The buzz around genetically modified organisms (GMOs) has grown to a fever pitch in recent months, with approval by the U.S. Department of Agriculture of three new kinds of genetically engineered (GE) foods: alfalfa (which becomes hay), a type of corn grown to produce ethanol, and sugar beets. And the approval by the Food and Drug Administration of a super-fast-growing salmon — the first genetically modified animal to be sold in the U.S., but probably not the last — may not be far behind.
As the New York Times food columnist Mark Bittman notes in his blog, the subject is unquestionably complex. Few people outside of scientists working in the field understand much of anything about gene altering. Though many profess to know exactly what the existence of GMOs in our food will result in (both positive and negative), the truth is that there is much investigation yet to be done and that science is adolescent at best; not even its strongest advocates can guarantee that there aren’t hidden dangers. So why doesn’t the United States follow the lead of Europe and demand the labeling of all foods containing GMOs and therefore allow the consumer to have all the information they need to make their own decisions? In other words, what happened to the free market?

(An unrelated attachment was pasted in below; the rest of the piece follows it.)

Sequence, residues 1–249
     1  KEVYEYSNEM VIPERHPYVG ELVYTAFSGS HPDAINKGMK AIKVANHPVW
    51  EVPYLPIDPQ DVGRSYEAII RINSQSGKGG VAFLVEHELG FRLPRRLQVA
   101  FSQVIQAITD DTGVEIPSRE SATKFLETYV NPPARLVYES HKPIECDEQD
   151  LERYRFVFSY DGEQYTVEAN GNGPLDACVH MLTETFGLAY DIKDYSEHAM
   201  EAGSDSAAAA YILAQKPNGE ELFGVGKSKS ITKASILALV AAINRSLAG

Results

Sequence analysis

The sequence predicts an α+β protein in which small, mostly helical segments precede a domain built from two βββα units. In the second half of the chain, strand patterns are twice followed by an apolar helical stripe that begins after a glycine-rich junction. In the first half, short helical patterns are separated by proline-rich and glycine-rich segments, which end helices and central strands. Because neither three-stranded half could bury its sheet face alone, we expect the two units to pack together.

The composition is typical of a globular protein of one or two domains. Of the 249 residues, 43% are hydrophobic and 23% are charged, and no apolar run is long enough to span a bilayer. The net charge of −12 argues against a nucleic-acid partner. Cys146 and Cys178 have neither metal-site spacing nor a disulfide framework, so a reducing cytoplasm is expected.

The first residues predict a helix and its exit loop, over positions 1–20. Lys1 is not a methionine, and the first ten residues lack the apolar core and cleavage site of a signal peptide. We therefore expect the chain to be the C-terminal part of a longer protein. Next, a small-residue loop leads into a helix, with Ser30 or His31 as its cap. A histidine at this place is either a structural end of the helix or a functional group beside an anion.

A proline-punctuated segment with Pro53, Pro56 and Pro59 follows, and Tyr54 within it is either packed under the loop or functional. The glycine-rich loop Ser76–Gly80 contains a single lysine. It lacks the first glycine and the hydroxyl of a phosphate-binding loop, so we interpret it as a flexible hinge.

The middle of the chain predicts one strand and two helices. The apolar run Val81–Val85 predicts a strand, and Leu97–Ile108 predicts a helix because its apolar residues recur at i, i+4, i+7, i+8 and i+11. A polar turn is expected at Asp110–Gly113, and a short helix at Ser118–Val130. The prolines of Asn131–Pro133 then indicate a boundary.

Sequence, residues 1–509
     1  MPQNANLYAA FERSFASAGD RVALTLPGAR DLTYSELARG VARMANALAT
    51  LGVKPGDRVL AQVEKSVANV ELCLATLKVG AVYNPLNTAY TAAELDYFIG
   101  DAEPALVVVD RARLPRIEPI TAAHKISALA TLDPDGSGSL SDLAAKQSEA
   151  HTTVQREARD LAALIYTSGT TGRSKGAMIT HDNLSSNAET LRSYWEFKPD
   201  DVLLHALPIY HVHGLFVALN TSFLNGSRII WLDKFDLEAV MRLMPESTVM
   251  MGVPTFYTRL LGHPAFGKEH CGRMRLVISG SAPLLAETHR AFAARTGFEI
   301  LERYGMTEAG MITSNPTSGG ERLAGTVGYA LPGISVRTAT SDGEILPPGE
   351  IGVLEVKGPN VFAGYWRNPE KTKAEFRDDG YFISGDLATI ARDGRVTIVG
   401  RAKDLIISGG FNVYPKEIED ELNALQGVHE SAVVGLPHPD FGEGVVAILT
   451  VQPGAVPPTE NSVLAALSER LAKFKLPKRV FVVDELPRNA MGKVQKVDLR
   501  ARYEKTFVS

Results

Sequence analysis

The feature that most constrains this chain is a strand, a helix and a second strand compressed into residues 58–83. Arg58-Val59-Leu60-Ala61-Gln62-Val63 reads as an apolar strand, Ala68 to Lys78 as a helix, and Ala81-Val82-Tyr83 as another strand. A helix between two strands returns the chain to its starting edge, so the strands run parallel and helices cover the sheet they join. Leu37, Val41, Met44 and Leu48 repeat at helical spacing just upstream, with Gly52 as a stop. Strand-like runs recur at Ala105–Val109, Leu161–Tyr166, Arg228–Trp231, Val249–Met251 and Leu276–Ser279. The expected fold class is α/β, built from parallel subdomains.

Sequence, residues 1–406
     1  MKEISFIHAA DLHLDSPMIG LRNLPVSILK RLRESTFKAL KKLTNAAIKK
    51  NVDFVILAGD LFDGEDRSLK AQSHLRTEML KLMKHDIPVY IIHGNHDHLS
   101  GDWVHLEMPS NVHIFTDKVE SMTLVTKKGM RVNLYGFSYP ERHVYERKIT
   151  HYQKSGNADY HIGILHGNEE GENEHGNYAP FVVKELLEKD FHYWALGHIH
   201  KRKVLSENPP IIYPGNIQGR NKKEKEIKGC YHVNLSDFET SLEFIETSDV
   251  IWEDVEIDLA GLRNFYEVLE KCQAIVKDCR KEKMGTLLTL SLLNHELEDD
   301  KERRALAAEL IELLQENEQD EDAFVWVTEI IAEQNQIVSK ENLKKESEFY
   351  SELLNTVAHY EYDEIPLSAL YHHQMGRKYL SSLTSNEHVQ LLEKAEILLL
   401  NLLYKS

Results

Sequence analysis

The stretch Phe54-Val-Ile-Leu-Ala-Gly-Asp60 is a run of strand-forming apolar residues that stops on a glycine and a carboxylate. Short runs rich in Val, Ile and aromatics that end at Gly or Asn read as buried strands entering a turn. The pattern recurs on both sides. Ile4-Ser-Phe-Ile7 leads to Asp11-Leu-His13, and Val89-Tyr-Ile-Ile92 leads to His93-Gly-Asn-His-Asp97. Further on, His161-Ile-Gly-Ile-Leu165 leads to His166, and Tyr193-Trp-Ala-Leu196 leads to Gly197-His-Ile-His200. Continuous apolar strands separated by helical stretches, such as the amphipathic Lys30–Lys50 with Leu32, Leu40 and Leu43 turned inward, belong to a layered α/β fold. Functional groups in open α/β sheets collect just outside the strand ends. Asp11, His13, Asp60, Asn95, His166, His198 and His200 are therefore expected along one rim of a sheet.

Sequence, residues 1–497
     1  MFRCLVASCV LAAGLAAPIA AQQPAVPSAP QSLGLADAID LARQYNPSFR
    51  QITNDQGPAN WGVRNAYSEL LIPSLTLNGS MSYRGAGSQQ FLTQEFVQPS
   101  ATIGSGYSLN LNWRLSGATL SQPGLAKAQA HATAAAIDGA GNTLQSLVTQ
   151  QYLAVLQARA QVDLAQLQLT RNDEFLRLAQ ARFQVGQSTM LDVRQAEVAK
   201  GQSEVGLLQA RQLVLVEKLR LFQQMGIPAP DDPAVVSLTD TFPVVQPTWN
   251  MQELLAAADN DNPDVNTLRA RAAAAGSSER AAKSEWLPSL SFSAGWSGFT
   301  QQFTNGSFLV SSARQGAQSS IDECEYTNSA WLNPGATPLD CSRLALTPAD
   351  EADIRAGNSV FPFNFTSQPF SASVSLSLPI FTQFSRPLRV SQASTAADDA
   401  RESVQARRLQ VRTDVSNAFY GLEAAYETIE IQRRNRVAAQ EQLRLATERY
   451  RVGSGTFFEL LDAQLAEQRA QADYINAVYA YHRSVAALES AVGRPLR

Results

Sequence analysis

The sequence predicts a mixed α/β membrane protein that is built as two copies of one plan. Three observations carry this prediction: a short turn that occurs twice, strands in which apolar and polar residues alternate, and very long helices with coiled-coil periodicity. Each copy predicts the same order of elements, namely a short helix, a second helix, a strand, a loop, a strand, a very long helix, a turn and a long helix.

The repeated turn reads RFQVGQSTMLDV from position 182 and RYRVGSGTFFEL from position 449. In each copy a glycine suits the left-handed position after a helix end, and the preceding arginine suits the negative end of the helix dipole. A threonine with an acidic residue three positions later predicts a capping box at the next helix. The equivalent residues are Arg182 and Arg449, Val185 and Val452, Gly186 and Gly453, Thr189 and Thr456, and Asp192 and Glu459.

As covered in the Christian Science Monitor, the GM threats to biodiversity and democracy are closely related. When you pair proprietary technology that’s designed to retain company control of seeds (the very lifeblood of our food supply) along with highly concentrated market control, you get a hazardous blend of ecological, economic, and political centralization.
It is with these issues in mind that many non-GMO movements have sprung up in the past few weeks. The Organic Consumers Association and activists involved in the Millions Against Monsanto campaign gathered people in 23 locations around the country in a March 26th Rally for the Right to Know. You can read all about it over at Rodale.com They also have a nice article about the Top Ten Ways to Avoid GMOs.